We recently shared a few thoughts and memories of the library, collected from friends and neighbors, about the role libraries have played and continue to play in our lives. The draw of the library is foremost, the books. It is a democratic place to learn, escape, and relax. For many of us, the library conjures childhood memories of our local facility, perhaps a favorite librarian, and certainly the stack of literary treasures we inevitably brought home with us. German photographer Candida Höfer’s series of color plates, Libraries, captures the architecture and physical structures that hold those treasures and the art of those sacred halls.
This impressive volume contains 137 color plates of Höfer’s work, including the British Library in London, the Escorial in Spain, the Whitney Museum and the Pierpont Morgan Library in New York, the Bibliothèque nationale de France in Paris, the Villa Medici in Rome, and the Hamburg University Library, among many others. The images are mostly devoid of people, drawing the eye and mind not to the functionality of a space, but to the colors and aesthetic of a building with a single purpose.
An introductory essay by philosopher and novelist Umberto Eco ponders the possibility of a utopia library he calls (borrowed from Jorge Luis Borges’ The Library of Babel) a universe. Both Eco and Borges’ universes are described in detail, with spiral stairs reaching above and below, uniformly sized books, each with the same number of pages, and written in mysterious languages. The dream is beautiful, as are the rooms Höfer has photographed.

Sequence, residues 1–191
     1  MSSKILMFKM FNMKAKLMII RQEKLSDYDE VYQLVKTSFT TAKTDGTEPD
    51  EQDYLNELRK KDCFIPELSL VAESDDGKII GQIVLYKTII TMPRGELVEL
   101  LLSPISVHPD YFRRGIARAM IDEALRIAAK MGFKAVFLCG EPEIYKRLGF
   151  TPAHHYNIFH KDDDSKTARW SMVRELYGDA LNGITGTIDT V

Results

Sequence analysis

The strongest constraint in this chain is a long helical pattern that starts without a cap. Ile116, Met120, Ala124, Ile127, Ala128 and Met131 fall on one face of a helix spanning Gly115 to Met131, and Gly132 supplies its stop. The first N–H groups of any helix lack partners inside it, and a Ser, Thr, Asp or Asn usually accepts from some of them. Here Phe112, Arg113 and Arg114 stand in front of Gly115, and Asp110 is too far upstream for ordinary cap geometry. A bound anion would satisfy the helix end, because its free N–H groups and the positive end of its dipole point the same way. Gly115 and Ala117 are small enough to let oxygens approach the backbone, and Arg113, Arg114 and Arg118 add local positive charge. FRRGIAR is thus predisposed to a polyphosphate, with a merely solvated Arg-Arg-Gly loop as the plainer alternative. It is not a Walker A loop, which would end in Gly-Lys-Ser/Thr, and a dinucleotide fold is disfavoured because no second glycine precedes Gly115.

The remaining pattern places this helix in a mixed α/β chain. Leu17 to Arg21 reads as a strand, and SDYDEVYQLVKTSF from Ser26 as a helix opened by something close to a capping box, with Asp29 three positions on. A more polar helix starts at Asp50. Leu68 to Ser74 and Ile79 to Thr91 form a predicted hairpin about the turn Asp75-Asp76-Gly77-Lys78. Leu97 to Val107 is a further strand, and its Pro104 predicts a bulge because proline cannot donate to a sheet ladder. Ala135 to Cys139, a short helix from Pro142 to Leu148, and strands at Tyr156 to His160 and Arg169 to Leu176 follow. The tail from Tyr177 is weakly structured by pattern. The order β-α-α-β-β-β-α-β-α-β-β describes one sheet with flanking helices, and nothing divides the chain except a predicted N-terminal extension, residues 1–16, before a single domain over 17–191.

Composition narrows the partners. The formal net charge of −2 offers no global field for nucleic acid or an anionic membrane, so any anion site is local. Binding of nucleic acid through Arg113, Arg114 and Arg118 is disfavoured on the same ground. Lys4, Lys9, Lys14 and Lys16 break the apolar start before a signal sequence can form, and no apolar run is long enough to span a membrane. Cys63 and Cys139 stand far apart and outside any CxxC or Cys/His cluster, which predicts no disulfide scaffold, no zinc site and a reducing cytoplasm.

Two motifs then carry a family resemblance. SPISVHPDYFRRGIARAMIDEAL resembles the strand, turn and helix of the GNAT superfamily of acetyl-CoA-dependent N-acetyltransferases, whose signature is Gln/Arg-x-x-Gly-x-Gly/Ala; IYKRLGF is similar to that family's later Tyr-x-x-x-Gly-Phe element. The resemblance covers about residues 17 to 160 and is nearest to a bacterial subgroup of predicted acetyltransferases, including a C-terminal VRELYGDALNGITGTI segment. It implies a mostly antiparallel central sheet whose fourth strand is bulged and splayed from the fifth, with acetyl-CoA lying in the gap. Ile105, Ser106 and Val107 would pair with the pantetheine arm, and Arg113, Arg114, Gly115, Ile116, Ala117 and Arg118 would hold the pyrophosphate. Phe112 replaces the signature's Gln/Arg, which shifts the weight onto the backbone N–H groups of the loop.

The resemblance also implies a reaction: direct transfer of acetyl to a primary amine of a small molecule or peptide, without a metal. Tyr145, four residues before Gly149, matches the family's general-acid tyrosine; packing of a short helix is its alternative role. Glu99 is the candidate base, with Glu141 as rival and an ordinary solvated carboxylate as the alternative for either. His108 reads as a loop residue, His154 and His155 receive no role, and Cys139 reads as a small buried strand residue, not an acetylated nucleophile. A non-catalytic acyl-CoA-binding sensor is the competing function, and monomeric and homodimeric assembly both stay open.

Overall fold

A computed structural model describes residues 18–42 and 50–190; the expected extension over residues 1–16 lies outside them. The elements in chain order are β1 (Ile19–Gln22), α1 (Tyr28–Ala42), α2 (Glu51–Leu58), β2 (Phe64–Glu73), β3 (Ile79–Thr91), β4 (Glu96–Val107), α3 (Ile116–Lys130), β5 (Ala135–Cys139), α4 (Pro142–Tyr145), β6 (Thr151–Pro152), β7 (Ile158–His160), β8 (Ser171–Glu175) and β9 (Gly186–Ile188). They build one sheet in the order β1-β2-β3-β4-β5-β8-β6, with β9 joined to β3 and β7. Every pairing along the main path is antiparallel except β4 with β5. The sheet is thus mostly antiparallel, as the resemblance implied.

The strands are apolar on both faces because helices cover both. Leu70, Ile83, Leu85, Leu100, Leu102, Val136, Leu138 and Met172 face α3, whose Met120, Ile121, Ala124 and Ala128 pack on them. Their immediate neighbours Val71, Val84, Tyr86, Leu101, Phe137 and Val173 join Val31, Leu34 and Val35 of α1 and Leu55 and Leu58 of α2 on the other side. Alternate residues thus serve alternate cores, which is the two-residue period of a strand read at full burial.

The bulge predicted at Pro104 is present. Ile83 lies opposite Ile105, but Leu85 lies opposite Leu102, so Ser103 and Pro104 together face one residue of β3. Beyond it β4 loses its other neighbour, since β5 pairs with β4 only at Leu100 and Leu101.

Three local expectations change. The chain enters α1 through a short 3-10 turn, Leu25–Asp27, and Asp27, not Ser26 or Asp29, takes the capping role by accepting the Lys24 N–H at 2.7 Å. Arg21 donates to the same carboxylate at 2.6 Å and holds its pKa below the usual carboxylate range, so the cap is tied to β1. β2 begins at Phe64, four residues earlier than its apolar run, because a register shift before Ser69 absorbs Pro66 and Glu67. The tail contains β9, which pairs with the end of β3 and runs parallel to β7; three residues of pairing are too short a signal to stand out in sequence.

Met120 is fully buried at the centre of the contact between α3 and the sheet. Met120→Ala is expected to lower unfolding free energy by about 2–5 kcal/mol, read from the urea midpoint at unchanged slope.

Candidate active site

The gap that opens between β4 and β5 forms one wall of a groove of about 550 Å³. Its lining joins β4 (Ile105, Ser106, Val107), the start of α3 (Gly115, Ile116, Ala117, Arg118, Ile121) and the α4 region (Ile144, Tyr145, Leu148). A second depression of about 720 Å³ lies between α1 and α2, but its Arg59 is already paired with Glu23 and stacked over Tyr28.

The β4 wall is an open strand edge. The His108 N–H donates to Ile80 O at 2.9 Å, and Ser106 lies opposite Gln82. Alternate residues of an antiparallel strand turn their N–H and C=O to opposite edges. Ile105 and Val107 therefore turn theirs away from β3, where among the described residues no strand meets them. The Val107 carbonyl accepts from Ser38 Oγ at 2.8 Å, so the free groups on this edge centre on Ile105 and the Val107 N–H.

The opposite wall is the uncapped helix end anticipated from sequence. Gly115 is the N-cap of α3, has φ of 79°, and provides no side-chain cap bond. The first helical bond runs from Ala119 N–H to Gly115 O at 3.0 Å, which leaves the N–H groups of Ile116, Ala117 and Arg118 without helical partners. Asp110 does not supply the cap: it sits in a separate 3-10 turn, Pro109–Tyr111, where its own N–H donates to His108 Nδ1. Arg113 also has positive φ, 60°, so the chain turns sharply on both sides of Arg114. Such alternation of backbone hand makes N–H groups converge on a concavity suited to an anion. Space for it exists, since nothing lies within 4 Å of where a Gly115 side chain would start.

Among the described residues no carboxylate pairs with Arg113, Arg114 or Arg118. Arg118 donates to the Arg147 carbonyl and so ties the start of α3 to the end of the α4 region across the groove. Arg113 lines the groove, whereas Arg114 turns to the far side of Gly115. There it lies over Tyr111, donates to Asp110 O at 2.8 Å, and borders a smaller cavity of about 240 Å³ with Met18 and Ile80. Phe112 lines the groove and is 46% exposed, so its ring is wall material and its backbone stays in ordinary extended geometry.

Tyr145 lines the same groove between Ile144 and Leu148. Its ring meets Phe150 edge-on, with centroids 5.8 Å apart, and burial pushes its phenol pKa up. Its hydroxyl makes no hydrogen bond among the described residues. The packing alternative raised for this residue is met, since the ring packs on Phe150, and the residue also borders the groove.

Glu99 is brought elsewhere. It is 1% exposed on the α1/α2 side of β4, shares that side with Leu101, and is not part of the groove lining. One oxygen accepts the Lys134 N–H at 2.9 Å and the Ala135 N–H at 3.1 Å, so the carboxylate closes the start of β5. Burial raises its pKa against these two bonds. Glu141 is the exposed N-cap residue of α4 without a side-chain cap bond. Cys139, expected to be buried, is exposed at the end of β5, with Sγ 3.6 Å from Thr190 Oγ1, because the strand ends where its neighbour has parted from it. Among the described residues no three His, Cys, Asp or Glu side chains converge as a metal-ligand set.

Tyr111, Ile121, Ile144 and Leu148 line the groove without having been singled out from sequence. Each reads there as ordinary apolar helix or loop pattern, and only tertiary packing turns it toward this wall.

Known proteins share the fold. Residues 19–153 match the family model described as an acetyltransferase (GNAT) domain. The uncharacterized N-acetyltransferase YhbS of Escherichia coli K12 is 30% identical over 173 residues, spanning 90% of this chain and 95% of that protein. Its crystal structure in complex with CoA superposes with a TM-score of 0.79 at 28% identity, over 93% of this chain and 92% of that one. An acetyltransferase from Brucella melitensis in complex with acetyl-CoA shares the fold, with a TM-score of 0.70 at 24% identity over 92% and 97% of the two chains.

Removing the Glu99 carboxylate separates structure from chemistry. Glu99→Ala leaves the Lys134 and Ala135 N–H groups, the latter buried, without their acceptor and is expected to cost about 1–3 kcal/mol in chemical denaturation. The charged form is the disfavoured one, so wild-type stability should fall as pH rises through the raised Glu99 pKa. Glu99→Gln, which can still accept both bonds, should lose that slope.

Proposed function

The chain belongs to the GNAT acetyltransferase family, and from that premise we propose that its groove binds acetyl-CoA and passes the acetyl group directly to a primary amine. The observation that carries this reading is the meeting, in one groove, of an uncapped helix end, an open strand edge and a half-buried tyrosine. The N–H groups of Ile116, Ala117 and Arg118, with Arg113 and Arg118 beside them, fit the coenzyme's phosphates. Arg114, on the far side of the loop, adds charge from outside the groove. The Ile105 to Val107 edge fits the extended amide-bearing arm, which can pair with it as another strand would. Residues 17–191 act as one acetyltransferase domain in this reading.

They are grand and voluminous, with ceilings designed to inspire awe. As your eye passes over each image, catching intricate details, you can’t help but feel the stillness and solitude and the invitation to escape into a book, or to create a universe of your own.
The Biblioteca Cappuccini Redentore (above) in Venice, Italy, is stunning in its starkness, the empty shelves representing infinite possibilities. What books might come to live here?
The many libraries Höfer recorded range from the ornate and royal to the simple and modern; the warm and well lit to basement caves under fluorescents. We could wax poetic all day over the personalities of each space, which one we’d like to occupy with a mystery novel, and which with a history tome. Or which one we might runaway to, with a sleeping bag and a toothbrush – all we need to survive. These images offer only a glimpse of Höfer’s collection. It is a book best absorbed in earnest and quiet.
Libraries, by Candida Höfer, is published by Schirmer/Mosel.
P.S.: Click on images to enlarge them.